Could other babies—around 1,000 of whom are newly infected globally each day with HIV—treated in a similar way now be functionally cured of their infection? A month ago, most researchers would have said no. Now, they’re not so sure.
Emily Erbelding, deputy director of the Division of AIDS at the NIH’s National Institute of Allergy and Infectious Diseases in Bethesda, Maryland, which partially funds IMPAACT, thinks the answer could be ‘yes’. “There might be some window of opportunity where antiretroviral therapy alone can just knock down viral replication and maybe prevent any significant reservoir from being established—that’s the hypothesis,” she told Nature Medicine. “It’s probably our highest priority for research in children, as far as HIV goes, to figure out how to test that and to see if this case can be replicated. The hope is that we can cure kids from HIV.”
Before investigating the possibility of drug cessation, however, Persaud, Luzuriaga and their IMPAACT colleagues want to first test the risks and benefits of aggressive treatment from birth for babies at high probability of HIV infection. “What we want to do is see is if we can replicate the Mississippi case” in infants whose mothers for some reason did not take the standard preventative antiretrovirals during pregnancy, says Paul Palumbo, a pediatrician at Dartmouth-Hitchcock Medical Center in Lebanon, New Hampshire, and vice-chair of the clinical trials network. The team is now writing up a clinical protocol for a pilot study that would include about two dozen babies born in these circumstances.
The impetus for that study doesn’t come from just the Mississippi baby, though. Inspiration is also being drawn from some of the first children to ever receive so-called ‘highly active antiretroviral therapy’ (HAART), a combination of at least three drugs designed to suppress HIV replication, in the mid-1990s. Reporting at CROI, researchers showed that, of five individuals who were started on a triple drug regimen before three months of age and have since received the medications for an average of 16 years, four now have no detectable levels of viral replication or HIV-specific antibodies in their bloodstream.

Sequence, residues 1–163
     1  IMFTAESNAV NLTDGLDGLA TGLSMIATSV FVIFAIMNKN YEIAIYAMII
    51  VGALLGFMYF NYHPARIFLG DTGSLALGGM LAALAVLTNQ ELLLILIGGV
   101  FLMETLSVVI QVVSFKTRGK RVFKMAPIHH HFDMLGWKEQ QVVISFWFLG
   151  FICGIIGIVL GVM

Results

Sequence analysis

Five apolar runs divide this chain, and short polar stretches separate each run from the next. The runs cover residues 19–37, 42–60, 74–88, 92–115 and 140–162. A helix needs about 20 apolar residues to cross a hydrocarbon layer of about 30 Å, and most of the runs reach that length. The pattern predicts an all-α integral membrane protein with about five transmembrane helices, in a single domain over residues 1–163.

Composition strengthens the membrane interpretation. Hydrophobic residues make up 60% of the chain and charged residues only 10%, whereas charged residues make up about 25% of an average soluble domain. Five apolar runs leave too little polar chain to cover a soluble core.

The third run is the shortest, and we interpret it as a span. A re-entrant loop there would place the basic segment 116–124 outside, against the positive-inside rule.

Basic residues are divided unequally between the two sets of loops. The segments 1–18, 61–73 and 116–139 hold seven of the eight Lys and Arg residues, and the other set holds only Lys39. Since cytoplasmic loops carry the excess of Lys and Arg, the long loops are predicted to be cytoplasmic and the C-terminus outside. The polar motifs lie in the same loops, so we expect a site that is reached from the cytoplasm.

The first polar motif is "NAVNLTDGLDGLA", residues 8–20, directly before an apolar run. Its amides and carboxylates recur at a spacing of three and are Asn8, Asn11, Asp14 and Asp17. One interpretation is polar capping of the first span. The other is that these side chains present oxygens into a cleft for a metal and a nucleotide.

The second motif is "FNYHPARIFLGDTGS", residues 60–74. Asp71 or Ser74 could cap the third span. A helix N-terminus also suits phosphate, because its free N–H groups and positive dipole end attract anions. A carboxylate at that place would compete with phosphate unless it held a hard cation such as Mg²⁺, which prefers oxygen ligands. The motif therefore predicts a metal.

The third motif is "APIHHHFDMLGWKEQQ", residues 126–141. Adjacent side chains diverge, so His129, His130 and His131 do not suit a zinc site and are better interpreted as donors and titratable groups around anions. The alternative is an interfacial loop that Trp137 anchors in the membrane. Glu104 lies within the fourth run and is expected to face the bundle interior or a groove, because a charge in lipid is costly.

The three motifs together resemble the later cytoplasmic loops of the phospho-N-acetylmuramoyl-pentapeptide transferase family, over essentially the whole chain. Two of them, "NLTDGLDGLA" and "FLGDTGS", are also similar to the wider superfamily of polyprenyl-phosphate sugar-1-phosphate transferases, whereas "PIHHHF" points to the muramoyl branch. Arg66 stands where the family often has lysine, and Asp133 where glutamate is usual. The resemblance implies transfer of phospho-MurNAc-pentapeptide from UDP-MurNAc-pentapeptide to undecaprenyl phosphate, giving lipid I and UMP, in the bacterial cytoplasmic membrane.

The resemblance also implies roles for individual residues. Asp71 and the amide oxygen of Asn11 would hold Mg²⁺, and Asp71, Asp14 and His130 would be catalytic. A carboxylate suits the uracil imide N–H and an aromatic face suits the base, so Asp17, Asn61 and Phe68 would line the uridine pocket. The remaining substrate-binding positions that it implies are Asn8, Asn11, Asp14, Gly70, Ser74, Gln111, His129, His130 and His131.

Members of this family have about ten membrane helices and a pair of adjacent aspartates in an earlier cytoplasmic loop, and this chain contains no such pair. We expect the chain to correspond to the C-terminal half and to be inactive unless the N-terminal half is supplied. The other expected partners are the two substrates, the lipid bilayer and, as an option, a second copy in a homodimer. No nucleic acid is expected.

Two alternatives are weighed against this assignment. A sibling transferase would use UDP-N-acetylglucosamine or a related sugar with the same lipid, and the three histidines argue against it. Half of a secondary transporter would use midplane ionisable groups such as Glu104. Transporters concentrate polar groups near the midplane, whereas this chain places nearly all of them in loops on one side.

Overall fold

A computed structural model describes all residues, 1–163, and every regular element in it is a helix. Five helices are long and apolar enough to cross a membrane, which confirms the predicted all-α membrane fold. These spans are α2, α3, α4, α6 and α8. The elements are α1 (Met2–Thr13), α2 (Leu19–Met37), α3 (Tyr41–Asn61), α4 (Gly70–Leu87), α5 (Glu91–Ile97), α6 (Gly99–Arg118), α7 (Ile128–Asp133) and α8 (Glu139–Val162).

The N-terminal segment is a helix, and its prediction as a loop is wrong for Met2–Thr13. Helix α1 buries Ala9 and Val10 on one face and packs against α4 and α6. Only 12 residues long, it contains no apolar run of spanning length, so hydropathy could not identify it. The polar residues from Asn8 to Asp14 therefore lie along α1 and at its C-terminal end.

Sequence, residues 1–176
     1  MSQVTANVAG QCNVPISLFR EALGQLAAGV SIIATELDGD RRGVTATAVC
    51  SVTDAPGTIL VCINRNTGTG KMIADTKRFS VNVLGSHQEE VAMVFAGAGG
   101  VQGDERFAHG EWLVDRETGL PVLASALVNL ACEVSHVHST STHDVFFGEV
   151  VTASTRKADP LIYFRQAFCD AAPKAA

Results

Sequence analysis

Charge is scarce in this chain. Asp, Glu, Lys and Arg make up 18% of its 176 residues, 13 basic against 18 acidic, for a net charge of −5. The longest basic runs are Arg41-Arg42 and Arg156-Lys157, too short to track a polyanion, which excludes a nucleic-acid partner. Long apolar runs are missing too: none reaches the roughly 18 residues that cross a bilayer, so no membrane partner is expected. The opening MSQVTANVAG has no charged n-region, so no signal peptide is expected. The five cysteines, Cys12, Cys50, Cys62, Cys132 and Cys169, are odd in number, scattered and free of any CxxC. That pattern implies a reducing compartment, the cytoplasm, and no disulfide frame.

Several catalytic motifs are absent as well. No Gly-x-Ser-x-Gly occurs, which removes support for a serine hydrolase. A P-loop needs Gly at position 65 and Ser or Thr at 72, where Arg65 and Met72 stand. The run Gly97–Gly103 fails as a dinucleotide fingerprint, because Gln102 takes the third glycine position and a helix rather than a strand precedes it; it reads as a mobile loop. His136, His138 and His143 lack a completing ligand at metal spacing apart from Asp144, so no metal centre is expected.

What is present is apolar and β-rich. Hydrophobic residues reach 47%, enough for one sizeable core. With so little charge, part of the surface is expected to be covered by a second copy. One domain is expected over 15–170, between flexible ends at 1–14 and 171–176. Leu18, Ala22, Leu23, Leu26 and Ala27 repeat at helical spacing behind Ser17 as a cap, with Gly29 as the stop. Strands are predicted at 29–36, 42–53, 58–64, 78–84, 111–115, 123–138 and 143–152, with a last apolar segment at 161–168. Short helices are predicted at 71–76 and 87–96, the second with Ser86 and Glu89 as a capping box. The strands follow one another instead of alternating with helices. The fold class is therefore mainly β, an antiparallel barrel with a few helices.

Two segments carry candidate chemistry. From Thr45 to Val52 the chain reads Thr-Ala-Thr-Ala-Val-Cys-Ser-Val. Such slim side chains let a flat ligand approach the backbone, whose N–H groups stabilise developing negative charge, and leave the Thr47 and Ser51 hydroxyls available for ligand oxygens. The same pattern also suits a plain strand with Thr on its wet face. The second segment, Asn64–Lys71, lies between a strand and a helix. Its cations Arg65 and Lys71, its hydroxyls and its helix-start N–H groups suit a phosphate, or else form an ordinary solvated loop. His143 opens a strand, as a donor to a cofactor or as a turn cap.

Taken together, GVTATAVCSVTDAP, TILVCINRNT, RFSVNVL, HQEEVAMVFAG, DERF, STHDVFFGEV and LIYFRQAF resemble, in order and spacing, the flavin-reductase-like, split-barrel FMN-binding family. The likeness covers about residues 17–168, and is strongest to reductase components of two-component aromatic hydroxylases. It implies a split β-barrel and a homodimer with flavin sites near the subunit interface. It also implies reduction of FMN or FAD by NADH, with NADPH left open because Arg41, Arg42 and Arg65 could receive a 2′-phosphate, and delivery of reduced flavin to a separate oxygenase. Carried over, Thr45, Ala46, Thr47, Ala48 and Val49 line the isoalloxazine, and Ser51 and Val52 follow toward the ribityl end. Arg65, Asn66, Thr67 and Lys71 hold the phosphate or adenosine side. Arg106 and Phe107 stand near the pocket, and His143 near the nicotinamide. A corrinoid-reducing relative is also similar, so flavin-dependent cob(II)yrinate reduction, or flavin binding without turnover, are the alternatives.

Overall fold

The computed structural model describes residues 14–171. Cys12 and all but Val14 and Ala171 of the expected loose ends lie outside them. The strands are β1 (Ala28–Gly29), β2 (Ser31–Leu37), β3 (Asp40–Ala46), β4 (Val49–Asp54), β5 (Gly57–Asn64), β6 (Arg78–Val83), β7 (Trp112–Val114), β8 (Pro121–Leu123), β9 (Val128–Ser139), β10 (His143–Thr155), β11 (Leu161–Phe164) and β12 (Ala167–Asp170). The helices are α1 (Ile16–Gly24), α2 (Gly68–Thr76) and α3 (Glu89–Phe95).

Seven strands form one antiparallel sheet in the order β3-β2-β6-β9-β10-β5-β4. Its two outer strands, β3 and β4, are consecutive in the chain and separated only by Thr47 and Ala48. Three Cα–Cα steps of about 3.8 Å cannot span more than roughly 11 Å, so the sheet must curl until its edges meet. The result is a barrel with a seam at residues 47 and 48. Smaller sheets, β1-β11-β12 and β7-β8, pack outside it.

Looking ahead, “it may be reasonable to consider a trial off therapy for these kids,” says Luzuriaga, who led the study. But first, she and her team would like to conduct more studies using ultrasensitive assays to be absolutely sure the now-teenagers have cleared all of the virus that can replicate from their bodies before withdrawing the drugs and risking the possibility of viral rebound.
There is some precedent for stopping drug treatment in children with HIV. For instance, William Borkowsky, of New York University School of Medicine, and his colleagues previously tested the idea of cyclically weaning kids off of HAART for progressively longer and longer intervals, with the hope that periodically exposing children to their own viral strains would serve as a type of ‘autologous vaccine’ to build up HIV-specific immune responses. It worked to some extent, but RNA levels of the virus never dropped precipitously (AIDS Res. Hum. Retroviruses. 24, 401–411, 2008). At last year’s CROI, a team led by Mark Cotton of Stellenbosch University in South Africa also presented data showing that HIV-infected infants first given HAART before three months of age could safely stop taking their drugs after one or two years of treatment, although the majority of such kids had to restart therapy after less than a two-year drug holiday. Importantly, neither study raised any major red flags in terms of safety. Still, “the bottom line,” says Palumbo, “is you always see some evidence of the virus post-drug withdrawal.”
Perhaps a strategy of early, aggressive treatment before drug withdrawal would be different. And should the approach prove successful, it could spare thousands of babies a lifetime of drug therapy. But, as David Margolis, a molecular virologist and clinical investigator at the University of North Carolina at Chapel Hill, points out, there remains a more effective—and proven— strategy to avoid HIV infection in children: “It’s better to treat the mother” during pregnancy.